Some thoughts on ecology, evolution and economics

Empathy is a state of mind

Previously, I introduced Robert Sapolsky’s book Behave and the sections of our brain associated with certain thought patterns. The brain is relevant in how we prosecute criminals, vote for politicians and feel empathy for others. Again, nothing that shows up on a brain scanner excuses or explains our actions in these contexts but it does make our actions easier to understand.

Ground Control Parenting

Criminal justice

Sapolsky takes on the concept of free will, the idea that something beyond the biology of our brains determines our actions. He is not a fan. The example that he returns to frequently in this chapter is that, in the 1500’s, epilepsy was frequently punished by death as a sign of possession or witchcraft. He fears that the introduction of increasingly accurate neuro-imaging in the court room could be used to justify the punishment of people with a particular neurological signature, literally thoughtcrime. To skip to the end of this chapter, he is actually afraid of the pleasure that humans take in punishing others. His hope is that people with defective minds or impulse control can be treated the way that we treat epileptics to minimize their harm to themselves and others. What Sapolsky would replace the current criminal justice system with is less clear. He does, however, sketch out a couple of uses for neurobiology in keeping us all safe from each other:

  • Implicit Association Tests – based not on MRI data but measuring slight, unconscious delays when asked to associate racial or gender groups with positive images. The bias of a potential jury member against the defendent’s social or cultural group can be reliably measured.
  • Lie detection tests – Sapolsky does not recommend MRI images as a substitute for existing lie detection tests. They only show when the brain is working harder on answering a question, with some of the same biases and shortcomings of less technical tests.
  • Age of maturity – the development of the prefrontal cortex can be measured to estimate whether a juvenile should stand trial or be trusted in a long term decision such as medical aid in dying or abortion.
  • IQ tests for determining whether an individual should receive a harsh sentence or not. Currently, a score below 70 suggests less ability to understand the consequences of their actions.

Political leaning

The neurological bases for political orientation appear to be found in the insula, a central part of the brain that is associated with feelings of disgust. Studies show that moral judgements become more severe if the questions are asked in a room with a smelly garbage can. Social conservatives appear to have a lower threshold for disgust, showing larger skin reactions to negative images of decay, fecal matter and blood. In addition, liberals have larger amounts of grey matter in their anterior cingular cortex, a site where empathy is registered (see below), while conservatives have enlarged amygdala , where fear and threat perception are processed. The genetic heritability of political leaning is about 50%, suggesting that our environment has about the same impact on our politics as our genes. In fact, given the issues with measuring heritability, our political environment growing up probably holds a bigger sway on our adult ideology.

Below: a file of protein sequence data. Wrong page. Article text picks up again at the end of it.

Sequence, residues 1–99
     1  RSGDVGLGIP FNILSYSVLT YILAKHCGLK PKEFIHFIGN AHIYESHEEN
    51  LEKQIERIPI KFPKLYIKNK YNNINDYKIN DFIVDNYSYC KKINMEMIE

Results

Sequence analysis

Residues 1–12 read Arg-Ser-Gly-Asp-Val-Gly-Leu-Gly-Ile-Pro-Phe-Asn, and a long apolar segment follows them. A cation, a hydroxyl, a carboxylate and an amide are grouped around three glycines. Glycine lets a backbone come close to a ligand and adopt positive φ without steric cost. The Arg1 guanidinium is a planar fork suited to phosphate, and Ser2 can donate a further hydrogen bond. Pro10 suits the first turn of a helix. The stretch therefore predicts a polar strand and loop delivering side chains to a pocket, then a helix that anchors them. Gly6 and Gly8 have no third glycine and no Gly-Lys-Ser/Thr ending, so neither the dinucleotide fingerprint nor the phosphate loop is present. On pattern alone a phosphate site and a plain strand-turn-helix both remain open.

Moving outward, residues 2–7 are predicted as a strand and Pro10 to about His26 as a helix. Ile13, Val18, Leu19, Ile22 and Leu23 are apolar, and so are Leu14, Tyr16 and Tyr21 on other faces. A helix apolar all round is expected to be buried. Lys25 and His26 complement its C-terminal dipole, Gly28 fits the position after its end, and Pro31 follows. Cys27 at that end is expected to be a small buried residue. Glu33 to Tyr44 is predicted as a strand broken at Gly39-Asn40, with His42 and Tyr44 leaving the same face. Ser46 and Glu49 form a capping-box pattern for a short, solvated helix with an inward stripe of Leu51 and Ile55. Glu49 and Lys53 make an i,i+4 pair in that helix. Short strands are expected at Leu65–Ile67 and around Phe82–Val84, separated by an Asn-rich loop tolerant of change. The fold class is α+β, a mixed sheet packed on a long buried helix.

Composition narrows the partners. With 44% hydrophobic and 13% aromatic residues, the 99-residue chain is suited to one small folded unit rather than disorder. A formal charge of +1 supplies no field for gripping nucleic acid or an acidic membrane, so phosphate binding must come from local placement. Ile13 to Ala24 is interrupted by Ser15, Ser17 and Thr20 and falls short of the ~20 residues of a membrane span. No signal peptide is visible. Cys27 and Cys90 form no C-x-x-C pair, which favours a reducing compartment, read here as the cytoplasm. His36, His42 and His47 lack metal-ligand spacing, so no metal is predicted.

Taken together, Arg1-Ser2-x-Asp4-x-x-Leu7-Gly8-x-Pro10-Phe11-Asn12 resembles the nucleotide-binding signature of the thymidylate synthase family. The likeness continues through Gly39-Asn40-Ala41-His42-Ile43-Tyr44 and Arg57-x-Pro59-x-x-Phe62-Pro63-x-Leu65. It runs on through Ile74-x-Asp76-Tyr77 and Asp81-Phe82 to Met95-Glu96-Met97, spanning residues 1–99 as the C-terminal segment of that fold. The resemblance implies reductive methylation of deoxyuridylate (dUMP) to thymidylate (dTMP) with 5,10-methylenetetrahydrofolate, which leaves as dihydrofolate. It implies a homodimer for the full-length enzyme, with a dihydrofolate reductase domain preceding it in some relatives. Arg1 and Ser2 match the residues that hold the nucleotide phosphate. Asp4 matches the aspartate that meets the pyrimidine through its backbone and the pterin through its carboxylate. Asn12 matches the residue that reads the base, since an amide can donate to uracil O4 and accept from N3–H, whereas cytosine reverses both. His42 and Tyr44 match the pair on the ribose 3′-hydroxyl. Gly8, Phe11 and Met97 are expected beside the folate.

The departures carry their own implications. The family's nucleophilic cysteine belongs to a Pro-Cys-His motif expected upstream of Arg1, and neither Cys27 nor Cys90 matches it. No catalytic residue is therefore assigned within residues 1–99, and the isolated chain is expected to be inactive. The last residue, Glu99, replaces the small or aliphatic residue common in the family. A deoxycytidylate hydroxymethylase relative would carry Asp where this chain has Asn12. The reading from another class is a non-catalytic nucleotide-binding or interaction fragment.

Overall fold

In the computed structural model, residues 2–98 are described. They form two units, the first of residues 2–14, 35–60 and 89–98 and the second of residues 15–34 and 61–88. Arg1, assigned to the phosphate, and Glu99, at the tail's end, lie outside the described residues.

Humans have a specific type of neuron (a von Economo neuron), shared with other social species, particularly in the anterior cingulate cortex (or ACC), that may help us to be social. The role of the ACC in most organisms is to serve as an alarm system for unexpected outcomes (e.g. a favourite food tastes odd) or for internal bodily complaints. Pain signals are routed to the ACC but Sapolsky explains that the ACC is trying to figure out the meaning of the pain, asking the question, “Is this something I should be worried about?”. The ACC also gets involved in perceiving the pain of others. This seems to be a largely self-interested response but the ACC is highly involved in responding to the pain of others, especially when it decides that the pain my neighbour is experiencing is not their fault or when it decides that my neighbour is very much like myself.

Going beyond empathy for our close loved ones requires a decision that is processed by the prefrontal cortex adjacent to the ACC. This act of reasoning requires effort and does not always lead to action to console or help the person in pain. In fact, if the person in pain is an enemy, the brain’s pleasure circuits may be triggered, so the effort to see my enemy as “like me” may be considerable. Sapolsky dismisses the religious perspective of charity towards strangers, arguing that this activity is mostly geared to enhancing reputations rather than truly showing empathy. However, he quotes the work of a buddist monk/neurologist who shows very different brain pathways and a greater disposition to help when focusing on compassion for all rather than empathy for a specific person in pain. Sapolsky concludes that helping others requires neither a good heart (ACC) nor a good head (prefrontal cortex) but a trained automatic response to reach out to those in need.

Our brains give life to our social, political and spiritual selves. However these masses of neurons have evolved let us continue on the path towards the good.